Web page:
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Physics - Condensed Matter Physics | Optically Active Charge Traps and Chemical Defects in Semiconducting Nanocrystals Probed by Pulsed Optically Detected Magnetic Resonance

Optically Active Charge Traps and Chemical Defects in Semiconducting Nanocrystals Probed by Pulsed Optically Detected Magnetic Resonance

Series: Springer Theses

van Schooten, Kipp

2013, XIV, 90 p. 28 illus. in color.

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  • Nominated by the University of Utah, USA, as an outstanding Ph.D. thesis
  • Lays the groundwork for further use of Electron Spin Echo Envelop Modulation (ESEEM) and opens the possibility of highly precise chemical fingerprinting
  • Reveals an astonishingly long memory of spin coherence in semiconductor particles

Colloidal nanocrystals show much promise as an optoelectronics architecture due to facile control over electronic properties afforded by chemical control of size, shape, and heterostructure. Unfortunately, realizing practical devices has been forestalled by the ubiquitous presence of charge "trap" states which compete with band-edge excitons and result in limited device efficiencies. Little is known about the defining characteristics of these traps, making engineered strategies for their removal difficult.

This thesis outlines pulsed optically detected magnetic resonance as a powerful spectroscopy of the chemical and electronic nature of these deleterious states. Counterintuitive for such heavy atom materials, some trap species possess very long spin coherence lifetimes (up to 1.6 µs). This quality allows use of the trapped charge's magnetic moment as a local probe of the trap state itself and its local environment. Beyond state characterization, this spectroscopy can demonstrate novel effects in heterostructured nanocrystals, such as spatially-remote readout of spin information and the coherent control of light harvesting yield.

Content Level » Research

Keywords » CdSe/CdS Nanocrystals - Colloidal Nanocrystals - Electron Spin Resonance - Light Harvesting - Optically Active Charge Traps - Optically Active Charges - Optically Detected Spin Coherence - Pulsed Optically Detected Magnetic Resonance - Seminconducting Nanocrystals - Spin Coherence - Spin Echo Envelop Modulation - Trap States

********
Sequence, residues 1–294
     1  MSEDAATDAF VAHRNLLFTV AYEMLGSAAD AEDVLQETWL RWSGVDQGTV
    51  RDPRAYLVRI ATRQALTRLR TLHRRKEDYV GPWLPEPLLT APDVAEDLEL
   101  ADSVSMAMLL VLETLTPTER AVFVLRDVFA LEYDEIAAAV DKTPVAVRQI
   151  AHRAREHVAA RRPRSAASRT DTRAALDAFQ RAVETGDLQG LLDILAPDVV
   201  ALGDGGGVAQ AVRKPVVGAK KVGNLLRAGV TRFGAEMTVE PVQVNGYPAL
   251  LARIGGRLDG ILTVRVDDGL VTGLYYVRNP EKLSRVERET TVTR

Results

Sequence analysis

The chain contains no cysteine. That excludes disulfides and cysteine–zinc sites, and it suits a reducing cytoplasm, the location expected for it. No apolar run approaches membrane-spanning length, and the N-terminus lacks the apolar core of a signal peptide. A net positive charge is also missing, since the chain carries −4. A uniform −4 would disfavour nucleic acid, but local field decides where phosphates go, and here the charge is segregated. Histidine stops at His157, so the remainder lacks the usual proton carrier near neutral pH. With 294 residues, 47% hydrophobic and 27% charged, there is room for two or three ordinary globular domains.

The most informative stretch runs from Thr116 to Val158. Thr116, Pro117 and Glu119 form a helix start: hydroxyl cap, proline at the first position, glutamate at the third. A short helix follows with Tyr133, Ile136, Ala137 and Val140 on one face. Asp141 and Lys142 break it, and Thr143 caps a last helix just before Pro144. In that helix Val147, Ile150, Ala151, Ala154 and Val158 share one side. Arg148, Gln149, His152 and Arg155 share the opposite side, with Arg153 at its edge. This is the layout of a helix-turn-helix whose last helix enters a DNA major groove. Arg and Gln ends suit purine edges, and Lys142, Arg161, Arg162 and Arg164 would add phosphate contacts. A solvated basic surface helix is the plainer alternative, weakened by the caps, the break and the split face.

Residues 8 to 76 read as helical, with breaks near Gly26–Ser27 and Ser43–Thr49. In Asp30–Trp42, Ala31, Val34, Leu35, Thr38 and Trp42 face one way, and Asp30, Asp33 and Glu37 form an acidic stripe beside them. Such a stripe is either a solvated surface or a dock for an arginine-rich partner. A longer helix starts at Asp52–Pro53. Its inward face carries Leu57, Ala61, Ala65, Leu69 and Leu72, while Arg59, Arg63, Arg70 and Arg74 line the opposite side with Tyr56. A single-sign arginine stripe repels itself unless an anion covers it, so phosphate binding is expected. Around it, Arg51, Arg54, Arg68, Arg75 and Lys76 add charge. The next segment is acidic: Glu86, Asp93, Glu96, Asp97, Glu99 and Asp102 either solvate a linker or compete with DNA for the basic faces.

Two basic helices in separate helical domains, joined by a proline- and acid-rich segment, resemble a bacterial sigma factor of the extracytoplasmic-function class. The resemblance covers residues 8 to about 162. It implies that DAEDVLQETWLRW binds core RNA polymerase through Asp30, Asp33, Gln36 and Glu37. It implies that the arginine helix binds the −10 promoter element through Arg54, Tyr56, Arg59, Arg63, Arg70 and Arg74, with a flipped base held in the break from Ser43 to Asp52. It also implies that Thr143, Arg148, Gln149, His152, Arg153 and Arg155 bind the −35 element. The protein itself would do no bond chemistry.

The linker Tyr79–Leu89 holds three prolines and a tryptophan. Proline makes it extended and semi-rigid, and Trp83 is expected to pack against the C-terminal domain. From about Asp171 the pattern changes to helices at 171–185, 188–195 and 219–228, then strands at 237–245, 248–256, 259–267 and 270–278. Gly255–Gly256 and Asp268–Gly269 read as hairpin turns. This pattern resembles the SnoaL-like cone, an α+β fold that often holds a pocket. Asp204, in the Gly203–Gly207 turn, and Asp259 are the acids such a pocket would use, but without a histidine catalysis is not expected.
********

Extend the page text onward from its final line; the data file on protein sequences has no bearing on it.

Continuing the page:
Related subjects » Applied & Technical Physics - Condensed Matter Physics - Engineering - Nanotechnology - Optics & Lasers

Table of contents 

Introduction.- Colloidal Nanocrystals.- Pulsed Optically Detected Magnetic Resonance (PODMR).- Experimental Methods.- Experimental Considerations of PODMR.- Time-Resolved Optical Spectroscopy.- Nanocrystal Materials.- Sample Preparation.- Spin-Dependent Exciton Quenching and Intrinsic Spin Coherence In CDSE/CDS Nanocrystals.- Chapter Synopsis.- Introduction.- Spectrally Selected, Optically Detected Magnetic Resonance.- Coherence Measurements and Novel Effects.- Conclusion.- Supporting Information.- Toward Chemical Fingerprinting of Deep-Level Defects Sites in CDs Nanocrystals by Optically Detected Spin Coherence.- Chapter Synopsis.- Introduction.- Photoluminescence Decay Dynamics Indicating Long Trapping Lifetimes.- Experimental Methods.- Optically Detected Magnetic Resonance vs. Emission Channel.- Increased Dipolar Coupling of Shallow Trap States Associated with the Defect.- Probing Coherence and ESEEM with Optically Detected Hahn Echoes.- Conclusion.- Summary of Work.- Work in Context.- Publications to Date.

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